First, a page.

Study: Autistic Kids Out of Shape

Schools could do more to ensure that children with Autism Spectrum Disorders (ASD) are getting adequate exercise, a team of Oregon State University researchers found. Writing in Autism Research and Treatment Kiley Tyler and colleagues reported on their study measuring the physical fitness of children with ASD. The study was done at OSU in Corvallis, OR, where Tyler is a doctoral student in exercise and sport science.

Schools could do more to ensure that children with Autism Spectrum Disorders (ASD) are getting adequate exercise, a team of Oregon State University researchers found.

Writing in Autism Research and Treatment Kiley Tyler and colleagues reported on their study measuring the physical fitness of children with ASD. The study was done at OSU in Corvallis, OR, where Tyler is a doctoral student in exercise and sport science.

The children were tested on how long they could keep up a predetermined pace while running between two sets of cones. Their physical strength was measured by a hand grip dynamometer, and the amount of time they spent engaged in physical activities was recorded by an accelerometer, a monitor worn on an elastic belt. The research team also measured how flexible the subjects were.

They found that while the ASD children did just as well on the running test and the flexibility measures compared with a control group of “typically developing peers,” they did poorly on the handgrip test. The accelerometer readings also showed they spent more time in sedentary activities and less time engaged in exercise.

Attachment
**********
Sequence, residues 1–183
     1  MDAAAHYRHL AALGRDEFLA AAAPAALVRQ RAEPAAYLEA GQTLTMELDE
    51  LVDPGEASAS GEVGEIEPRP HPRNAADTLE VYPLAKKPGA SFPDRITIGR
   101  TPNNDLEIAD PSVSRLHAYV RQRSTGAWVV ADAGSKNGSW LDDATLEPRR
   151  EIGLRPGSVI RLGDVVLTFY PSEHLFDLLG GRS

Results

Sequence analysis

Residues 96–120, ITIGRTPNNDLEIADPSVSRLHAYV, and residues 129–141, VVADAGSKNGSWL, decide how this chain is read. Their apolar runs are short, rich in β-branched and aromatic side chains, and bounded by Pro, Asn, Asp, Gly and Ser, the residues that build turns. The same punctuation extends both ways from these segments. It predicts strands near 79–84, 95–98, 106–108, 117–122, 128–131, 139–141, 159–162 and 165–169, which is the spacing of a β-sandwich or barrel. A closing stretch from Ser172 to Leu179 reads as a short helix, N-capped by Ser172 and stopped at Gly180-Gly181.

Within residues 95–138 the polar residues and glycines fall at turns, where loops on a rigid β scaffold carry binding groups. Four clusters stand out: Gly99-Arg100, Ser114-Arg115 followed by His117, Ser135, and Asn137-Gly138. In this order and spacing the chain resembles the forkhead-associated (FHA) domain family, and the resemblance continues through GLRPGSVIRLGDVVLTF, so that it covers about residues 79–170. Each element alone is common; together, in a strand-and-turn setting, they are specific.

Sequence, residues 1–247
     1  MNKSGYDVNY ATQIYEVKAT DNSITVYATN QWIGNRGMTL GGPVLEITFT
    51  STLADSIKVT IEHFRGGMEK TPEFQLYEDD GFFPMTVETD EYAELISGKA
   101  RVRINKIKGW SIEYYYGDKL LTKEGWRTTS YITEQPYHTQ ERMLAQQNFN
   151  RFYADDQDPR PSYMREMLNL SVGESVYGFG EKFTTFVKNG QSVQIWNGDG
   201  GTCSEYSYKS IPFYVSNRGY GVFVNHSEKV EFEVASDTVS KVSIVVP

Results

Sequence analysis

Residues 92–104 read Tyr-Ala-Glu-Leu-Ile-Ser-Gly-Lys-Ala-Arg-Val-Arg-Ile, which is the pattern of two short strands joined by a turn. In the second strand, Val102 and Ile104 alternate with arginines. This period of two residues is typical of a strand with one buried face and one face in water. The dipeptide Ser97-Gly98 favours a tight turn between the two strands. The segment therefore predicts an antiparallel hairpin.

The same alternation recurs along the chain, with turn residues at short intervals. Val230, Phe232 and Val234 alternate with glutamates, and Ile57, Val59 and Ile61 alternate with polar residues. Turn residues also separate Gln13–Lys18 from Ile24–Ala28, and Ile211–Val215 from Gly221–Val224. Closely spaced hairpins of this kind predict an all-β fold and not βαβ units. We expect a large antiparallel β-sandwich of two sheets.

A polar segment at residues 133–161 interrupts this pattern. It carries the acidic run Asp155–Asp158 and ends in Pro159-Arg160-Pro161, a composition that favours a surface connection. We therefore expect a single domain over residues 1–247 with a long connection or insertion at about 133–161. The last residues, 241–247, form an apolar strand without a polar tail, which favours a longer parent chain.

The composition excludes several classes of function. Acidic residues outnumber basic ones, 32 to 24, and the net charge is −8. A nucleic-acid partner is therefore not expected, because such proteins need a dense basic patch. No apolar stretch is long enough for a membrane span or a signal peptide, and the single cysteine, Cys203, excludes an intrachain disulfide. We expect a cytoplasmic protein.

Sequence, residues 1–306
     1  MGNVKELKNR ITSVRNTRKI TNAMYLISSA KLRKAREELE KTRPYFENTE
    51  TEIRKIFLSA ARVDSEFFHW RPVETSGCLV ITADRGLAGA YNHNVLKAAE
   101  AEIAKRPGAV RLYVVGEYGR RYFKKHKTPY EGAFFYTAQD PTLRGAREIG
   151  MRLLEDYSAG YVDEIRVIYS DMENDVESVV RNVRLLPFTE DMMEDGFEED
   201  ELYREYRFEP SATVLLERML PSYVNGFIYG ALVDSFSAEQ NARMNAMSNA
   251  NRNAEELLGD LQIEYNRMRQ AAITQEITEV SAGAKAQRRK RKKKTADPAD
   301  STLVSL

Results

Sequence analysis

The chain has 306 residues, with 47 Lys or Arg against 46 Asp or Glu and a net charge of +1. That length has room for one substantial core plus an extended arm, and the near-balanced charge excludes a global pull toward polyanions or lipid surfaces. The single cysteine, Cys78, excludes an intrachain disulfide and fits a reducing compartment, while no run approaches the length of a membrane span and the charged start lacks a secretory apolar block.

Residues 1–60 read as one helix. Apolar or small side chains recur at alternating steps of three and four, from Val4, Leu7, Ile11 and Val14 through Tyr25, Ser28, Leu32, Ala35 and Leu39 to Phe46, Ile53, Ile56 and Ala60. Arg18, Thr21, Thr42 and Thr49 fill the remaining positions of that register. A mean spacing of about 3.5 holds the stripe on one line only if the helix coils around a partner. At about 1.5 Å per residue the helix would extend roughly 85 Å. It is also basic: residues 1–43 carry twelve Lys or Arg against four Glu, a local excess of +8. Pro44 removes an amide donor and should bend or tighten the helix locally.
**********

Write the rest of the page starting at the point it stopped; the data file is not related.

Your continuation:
The researchers did not try to determine whether having ASD directly causes these differences or whether these children are weaker and less active because of other environmental factors, such as social difficulties in participating in sports.

“Based on the results of this study, strength is in need of improvement, suggesting a clear starting point for physical fitness based interventions,” Tyler wrote.

The team also said schools need to be aware that under federal rules protecting people with disabilities, children with ASD have a right to participate in physical education, and that since other studies have shown that kids with ASD have a higher prevalence of obesity that their peers, this is an important goal.

“We encourage parents, teachers, and administrators to include students with an ASD in physical fitness and physical activity assessments and provide them with individualized information about associated behaviors that can impact their health into adulthood” the team wrote.

The researchers also urged their peers to make sure they included children with ASD when doing assessments of educational efforts at promoting fitness.

“Too often, students with disabilities, and particularly students with ASD are left out of physical fitness assessment data collection,” they wrote.